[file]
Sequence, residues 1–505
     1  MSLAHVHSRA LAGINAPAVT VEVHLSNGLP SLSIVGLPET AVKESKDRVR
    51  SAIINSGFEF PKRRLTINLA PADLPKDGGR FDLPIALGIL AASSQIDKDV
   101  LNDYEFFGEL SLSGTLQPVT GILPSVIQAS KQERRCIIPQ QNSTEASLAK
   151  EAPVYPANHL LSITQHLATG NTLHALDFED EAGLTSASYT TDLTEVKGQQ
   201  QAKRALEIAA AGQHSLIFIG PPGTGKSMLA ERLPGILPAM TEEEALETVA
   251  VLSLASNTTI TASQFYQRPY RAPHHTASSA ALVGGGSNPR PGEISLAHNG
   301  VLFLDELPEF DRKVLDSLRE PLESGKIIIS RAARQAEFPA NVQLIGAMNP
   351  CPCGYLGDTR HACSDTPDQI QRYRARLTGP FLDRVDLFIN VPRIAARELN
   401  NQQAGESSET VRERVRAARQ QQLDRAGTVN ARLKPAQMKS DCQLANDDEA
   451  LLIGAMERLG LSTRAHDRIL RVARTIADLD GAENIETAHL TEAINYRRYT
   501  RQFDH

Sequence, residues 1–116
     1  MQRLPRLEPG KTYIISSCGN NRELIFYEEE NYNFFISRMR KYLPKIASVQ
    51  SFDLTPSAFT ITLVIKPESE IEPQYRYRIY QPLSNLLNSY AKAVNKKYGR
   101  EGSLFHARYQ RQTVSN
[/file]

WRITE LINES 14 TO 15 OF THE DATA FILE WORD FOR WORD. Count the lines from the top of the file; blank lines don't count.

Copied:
     1  MQRLPRLEPG KTYIISSCGN NRELIFYEEE NYNFFISRMR KYLPKIASVQ
    51  SFDLTPSAFT ITLVIKPESE IEPQYRYRIY QPLSNLLNSY AKAVNKKYGR